Appalachian Ambassador of the Fiddle and American Actor Randall Franks makes four decades of music available to radio

November 19 12:00 2019
Appalachian Ambassador of the Fiddle and American Actor Randall Franks makes four decades of music available to radio

American Artist/Actor Randall Franks, 2019 Old Time Country Music Hall of Fame
American music artist and actor Randall Franks releases 12 albums of music including hit releases from country, bluegrass, folk, Americana, and Southern gospel to radio through AirPlay Direct.

2019 Old Time Country Music Hall of Fame inductee Randall Franks brings 38 years of recorded music to AirPlay Direct. His music career connects him to the legacies of 33 International Bluegrass Music Hall of Fame, 10 Country Music Hall of Fame, nine Gospel Music Hall of Fame, and three Rock and Roll Music Hall of Fame members.

“I have been so blessed in my career to create music appreciated by fans across genres,” Franks said. “I knew that sharing that experience over again with radio could only be accomplished effectively through the amazing reach of AirPlay Direct.”

He has shared his catalog on the heels of garnering two #1 Global AirPlay Direct Albums in 2019 including the album “Americana Youth of Southern Appalachia” featuring his now popular country recitation “What About All These American Flags” (YouTube: released last week as his tribute to veterans.

Recognized by the International Bluegrass Hall of Fame and Museum as a Legend in 2010, the singer, multi-instrumentalist is known around the world for his fiddling and for his acting roles. He has appeared in numerous feature films, his latest “The Crickets Dance” and as a regular in three American television series since 1983 including his role in the award-winning cast of TV’s “In the Heat of the Night” as “Officer Randy Goode.”

He is also an award-winning author with 10 books, and a syndicated columnist of 19 years with his “Southern Style” column reaching over six million readers in the Southern and Midwestern United States.

Photos: (left) A Grand Ole Opry performance, from left, Randall Franks, Ralph Stanley, Wilma Lee Cooper and Bill Monroe in 1985 for CMA Country Music Fan Fair in Nashville, Tenn. (Randall Franks Media) (right) Randall Franks and Bluegrass Hall of Famers Jim and Jesse McReynolds backstage at a concert in 1989. (Randall Franks Media: Ronald Stuckey)

Franks began guest starring for Nashville’s Grand Ole Opry as a teen, brought there to appear with his youth band by the legendary Bill Monroe. Joining with Monroe in supporting Randall’s early Nashville success were Grand Ole Opry stars Jim and Jesse McReynolds and Roy Acuff. Their encouragement fueled his rise from music to films, and then American network television broadening his audience to in excess of 145 million fans worldwide.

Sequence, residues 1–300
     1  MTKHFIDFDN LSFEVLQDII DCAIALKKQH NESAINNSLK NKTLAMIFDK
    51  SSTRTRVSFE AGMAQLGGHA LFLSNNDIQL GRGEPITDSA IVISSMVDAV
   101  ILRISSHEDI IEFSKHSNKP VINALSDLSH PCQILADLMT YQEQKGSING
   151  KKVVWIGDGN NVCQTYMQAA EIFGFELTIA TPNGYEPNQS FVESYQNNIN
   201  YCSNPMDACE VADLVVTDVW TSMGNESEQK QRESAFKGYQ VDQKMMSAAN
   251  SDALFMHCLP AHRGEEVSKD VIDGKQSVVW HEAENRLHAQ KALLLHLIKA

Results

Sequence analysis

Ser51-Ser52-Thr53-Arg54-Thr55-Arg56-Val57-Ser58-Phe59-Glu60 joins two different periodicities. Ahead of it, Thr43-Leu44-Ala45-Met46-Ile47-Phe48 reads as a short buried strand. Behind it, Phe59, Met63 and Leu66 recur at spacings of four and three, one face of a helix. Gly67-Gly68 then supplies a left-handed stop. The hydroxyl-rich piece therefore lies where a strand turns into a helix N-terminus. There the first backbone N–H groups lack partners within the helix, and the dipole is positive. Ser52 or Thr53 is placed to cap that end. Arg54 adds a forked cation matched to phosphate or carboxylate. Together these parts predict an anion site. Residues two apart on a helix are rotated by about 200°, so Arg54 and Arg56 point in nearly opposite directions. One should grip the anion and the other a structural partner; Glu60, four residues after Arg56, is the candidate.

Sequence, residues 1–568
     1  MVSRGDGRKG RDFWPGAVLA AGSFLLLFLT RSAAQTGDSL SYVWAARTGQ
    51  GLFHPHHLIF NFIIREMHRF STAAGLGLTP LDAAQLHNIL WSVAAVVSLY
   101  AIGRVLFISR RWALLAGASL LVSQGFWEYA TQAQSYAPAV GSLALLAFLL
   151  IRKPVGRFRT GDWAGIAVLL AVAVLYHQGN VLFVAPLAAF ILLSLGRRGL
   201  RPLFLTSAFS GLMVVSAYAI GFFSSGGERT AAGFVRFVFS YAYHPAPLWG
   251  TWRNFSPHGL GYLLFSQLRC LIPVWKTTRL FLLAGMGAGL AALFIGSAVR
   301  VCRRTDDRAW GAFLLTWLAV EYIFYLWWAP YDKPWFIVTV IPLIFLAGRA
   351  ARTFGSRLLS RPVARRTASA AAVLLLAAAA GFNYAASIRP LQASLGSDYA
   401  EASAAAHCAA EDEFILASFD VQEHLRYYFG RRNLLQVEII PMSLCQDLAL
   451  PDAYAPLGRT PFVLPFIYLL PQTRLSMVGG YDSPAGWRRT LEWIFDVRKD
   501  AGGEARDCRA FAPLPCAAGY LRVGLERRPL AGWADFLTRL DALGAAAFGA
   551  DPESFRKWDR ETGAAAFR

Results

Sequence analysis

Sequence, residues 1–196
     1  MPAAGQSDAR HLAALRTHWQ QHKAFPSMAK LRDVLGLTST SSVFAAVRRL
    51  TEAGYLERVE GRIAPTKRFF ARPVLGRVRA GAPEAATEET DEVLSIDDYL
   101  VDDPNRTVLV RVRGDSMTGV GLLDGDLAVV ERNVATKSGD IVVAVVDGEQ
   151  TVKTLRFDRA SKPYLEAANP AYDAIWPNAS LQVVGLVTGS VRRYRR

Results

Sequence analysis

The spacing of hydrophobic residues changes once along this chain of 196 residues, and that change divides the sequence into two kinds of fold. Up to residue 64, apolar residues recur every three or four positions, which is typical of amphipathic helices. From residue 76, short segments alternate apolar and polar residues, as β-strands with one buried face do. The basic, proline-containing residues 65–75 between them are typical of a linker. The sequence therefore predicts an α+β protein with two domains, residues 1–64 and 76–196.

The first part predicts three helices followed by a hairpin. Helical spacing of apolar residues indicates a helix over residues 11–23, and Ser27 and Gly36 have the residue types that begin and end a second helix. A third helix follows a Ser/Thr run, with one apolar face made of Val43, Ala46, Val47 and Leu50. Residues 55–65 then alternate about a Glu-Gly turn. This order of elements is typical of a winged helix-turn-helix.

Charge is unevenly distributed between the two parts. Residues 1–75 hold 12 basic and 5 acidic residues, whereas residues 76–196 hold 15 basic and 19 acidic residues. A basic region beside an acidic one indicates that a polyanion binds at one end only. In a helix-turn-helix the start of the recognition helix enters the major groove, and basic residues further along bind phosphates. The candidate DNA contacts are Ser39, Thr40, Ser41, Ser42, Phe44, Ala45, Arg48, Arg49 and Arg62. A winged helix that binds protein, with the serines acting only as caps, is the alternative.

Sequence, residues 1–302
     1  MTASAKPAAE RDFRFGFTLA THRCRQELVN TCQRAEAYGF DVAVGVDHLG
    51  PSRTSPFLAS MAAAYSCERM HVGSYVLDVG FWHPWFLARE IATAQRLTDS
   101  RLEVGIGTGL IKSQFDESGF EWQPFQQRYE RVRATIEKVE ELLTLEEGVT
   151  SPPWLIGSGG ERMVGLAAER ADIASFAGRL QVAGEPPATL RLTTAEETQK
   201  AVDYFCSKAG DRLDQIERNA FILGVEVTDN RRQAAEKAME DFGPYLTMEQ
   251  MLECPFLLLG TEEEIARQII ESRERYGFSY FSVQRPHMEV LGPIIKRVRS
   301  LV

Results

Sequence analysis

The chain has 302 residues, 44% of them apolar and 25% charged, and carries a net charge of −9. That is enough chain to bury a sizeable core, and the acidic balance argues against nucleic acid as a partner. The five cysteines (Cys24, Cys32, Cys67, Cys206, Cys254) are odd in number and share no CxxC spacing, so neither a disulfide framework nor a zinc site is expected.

In the 1970s, Randall brought together a group of boys and girls from area schools to create a youth band – The Peachtree Pickers – that featured over 25 youth in concerts at country fairs, bluegrass festivals, churches, schools, shopping malls and other venues. His first album was “Ivory Halls.” The earliest song included amongst the releases on his AirPlay Direct Randall Franks Music Page features the cast of that first release on a previously unreleased 1981 song “Blue Ridge,” written by Georgia songwriter John Farley.

“My music career was supported by the enthusiasm and encouragement of my dear late parents Pearl and Floyd Franks, whose business acumen helped our efforts find success and led me on the path behind me,” he said. “They encouraged so many youths in life and we continue to honor their vision through college scholarships for Appalachian musicians given annually from the Share America Foundation, Inc. Monies raised from many of our recordings such as our #1 ‘Americana Youth of Southern Appalachia’ benefit the effort.”

Photos: (left) Randall Franks and Charlie Daniels pause backstage at a concert in Wichita, Kansas in 1995. (Randall Franks Media) (right) Randall Franks and Garth Brooks appearing at a fan event for The Music City News in 1990. (Randall Franks Media: Donna Tracy)

Franks enjoyed recognition in mainstream country music for his artistry from the 1980s through the early 2000s hosting shows at Nashville’s Ryman Auditorium, appearing with other country stars and performing for crowds as large as 30,000 with his Hollywood Hillbilly Jamboree show. In 2009, he won ASE Song of the Year for “The Old Black Fiddle” and performed it on America’s PBS representing Appalachian music alongside pop, gospel, and rock performers including Collective Soul, Third Day and Chuck Leavell. He continues appearing at fairs, festivals and concerts.

Video Link: